There have been some great questions about Media 2.0 over the last few days so I thought I would join the discussion.

First: What is the best name for the changing media landscape?

Some call it Social Media, others (including me) call it Media 2.0. Jeremiah Owyang asks the question today on his blog "Hate the term Social Media? Help come up with a better term".

Well I think we already have a better term - Media 2.0.

Jeremiah says he hates the 2.0 thing. Well I say too bad. It's great! Why is it great? Because the change in media is not just about social. If it's about one thing then it's about Personal.

It just so happens that we are each (personally) social beings and therefore a symptom of more personal media is social features.

But personal manifests itself in other ways including:
  • More personal choice (more niche content providers including/especially participant created content)
  • More personalization (in the form of recommendations and attention based filters)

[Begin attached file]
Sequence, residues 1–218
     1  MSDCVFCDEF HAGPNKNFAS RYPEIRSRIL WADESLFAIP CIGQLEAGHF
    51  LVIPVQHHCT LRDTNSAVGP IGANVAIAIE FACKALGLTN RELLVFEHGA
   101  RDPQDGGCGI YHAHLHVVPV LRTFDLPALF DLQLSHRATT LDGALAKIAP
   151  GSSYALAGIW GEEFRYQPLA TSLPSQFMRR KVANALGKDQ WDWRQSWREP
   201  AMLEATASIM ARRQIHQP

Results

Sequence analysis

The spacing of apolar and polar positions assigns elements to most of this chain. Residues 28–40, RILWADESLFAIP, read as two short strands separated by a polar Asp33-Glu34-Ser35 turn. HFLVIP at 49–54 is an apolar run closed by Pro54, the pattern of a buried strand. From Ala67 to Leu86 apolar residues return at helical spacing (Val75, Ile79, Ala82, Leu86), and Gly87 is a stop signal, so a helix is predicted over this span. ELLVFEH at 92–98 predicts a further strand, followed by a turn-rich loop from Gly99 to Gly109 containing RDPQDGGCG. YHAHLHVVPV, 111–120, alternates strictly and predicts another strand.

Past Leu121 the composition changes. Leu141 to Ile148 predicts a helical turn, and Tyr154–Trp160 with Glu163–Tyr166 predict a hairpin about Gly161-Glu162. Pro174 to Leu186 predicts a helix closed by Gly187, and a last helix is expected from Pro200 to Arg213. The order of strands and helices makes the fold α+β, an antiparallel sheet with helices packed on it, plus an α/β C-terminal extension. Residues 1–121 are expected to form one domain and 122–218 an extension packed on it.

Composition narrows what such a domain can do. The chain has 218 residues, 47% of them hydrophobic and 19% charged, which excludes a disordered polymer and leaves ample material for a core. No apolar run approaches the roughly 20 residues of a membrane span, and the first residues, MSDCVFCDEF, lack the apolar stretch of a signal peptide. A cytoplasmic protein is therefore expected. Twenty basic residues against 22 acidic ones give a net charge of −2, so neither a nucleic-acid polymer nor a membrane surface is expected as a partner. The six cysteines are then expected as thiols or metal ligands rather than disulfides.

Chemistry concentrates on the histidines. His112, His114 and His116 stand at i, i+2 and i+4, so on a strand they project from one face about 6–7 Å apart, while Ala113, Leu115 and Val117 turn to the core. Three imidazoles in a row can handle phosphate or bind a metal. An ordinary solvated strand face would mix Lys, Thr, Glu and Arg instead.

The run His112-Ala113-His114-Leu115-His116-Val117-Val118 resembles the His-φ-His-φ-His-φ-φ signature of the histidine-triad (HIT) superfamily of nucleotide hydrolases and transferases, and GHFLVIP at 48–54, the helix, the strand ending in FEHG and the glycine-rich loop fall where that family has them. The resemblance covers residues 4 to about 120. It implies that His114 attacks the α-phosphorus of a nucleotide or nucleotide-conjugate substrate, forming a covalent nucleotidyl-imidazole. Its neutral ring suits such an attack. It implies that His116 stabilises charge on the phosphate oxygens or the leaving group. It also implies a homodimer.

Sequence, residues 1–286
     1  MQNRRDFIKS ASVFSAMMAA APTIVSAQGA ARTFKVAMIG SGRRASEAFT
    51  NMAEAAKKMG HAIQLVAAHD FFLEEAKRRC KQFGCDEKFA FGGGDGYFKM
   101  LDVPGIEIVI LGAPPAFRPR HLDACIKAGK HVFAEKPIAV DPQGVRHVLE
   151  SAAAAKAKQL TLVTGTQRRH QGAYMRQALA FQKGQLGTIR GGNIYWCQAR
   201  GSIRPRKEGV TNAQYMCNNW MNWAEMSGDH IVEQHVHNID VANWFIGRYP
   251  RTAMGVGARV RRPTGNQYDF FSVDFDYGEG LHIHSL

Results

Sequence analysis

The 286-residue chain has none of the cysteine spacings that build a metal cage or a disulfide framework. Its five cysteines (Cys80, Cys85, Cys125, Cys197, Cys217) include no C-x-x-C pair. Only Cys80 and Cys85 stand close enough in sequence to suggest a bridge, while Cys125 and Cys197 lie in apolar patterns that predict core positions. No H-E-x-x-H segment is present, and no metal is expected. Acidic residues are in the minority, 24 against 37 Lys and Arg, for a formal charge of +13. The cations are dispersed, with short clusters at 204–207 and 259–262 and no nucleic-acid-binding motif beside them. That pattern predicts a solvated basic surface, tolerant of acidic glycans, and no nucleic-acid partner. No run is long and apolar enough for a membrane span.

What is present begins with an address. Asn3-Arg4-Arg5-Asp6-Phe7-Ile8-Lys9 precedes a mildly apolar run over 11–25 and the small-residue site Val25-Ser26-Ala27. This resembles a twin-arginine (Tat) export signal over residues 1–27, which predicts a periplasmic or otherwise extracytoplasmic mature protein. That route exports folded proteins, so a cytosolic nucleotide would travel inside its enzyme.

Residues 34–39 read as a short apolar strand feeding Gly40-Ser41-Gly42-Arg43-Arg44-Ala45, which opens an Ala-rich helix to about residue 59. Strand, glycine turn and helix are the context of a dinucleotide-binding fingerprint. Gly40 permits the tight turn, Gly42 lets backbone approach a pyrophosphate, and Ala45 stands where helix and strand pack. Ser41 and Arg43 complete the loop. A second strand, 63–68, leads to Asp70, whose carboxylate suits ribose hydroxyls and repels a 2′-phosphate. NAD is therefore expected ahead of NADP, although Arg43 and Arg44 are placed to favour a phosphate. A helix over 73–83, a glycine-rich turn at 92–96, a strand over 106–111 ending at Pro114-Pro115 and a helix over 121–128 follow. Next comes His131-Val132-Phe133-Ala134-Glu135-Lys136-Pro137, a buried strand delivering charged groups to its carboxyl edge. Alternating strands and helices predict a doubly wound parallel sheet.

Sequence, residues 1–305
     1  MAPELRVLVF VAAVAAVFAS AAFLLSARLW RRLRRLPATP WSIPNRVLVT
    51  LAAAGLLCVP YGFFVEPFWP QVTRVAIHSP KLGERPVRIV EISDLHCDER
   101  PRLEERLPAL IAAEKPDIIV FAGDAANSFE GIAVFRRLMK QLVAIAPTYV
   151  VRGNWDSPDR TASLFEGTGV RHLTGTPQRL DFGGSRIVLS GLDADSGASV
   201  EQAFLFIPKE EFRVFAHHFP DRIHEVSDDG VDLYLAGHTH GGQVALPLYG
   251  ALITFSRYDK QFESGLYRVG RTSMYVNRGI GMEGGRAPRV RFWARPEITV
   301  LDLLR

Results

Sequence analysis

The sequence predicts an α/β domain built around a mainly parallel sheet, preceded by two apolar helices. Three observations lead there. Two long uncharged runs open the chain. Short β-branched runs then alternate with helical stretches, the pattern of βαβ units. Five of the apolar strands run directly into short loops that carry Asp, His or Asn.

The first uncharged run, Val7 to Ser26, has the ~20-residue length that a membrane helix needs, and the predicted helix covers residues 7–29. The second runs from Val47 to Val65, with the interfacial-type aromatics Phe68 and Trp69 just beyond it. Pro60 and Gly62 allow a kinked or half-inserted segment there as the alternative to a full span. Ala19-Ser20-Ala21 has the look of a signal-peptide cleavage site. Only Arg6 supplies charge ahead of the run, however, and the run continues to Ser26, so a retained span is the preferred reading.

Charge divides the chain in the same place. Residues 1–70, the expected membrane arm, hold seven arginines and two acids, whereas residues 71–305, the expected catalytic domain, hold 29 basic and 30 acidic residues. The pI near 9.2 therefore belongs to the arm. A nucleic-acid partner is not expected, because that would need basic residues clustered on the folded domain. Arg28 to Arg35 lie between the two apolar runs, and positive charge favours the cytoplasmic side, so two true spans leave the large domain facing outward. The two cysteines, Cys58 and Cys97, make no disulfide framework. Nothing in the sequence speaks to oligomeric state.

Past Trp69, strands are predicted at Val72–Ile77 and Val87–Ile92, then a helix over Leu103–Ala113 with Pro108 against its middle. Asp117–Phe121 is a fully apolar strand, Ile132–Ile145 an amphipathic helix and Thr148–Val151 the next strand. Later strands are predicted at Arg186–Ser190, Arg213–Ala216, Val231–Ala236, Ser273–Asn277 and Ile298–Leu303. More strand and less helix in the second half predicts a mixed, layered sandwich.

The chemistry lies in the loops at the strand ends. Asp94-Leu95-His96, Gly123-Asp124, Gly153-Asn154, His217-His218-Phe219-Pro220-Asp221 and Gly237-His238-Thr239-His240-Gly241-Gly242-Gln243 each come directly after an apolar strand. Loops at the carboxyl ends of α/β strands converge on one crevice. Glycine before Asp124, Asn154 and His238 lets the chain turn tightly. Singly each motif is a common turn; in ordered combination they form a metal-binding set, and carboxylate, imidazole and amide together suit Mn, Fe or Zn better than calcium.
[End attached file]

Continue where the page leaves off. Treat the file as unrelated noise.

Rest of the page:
• More personal transparent (public is the new private)
  • More personal presentation (choose your browser, aggregator, device, color)
  • More personal scheduling (choose the time and date of the content - time-shifted/on-demand content).
  • More personal connections - SOCIAL

But there are other aspects of the changing media landscape. Convergence, DRM (that's not very social!), Identity etc. So that's why I call it Media 2.0. It's a major new version of a very old idea. Personal human connection.

In the comments of the post he writes:

Chris, I’m not a fan of “2.0″ anything. What’s happening is the natural evolution of the web, it’s nothing really new is it?

This is why I like the term “Social Media”

Important: Social Media is about People.

I responded:

Social is a symptom of Personal - but whatever your definition - to try to foreshadow the destination/goal before we get there only limits the discussion/possibilities.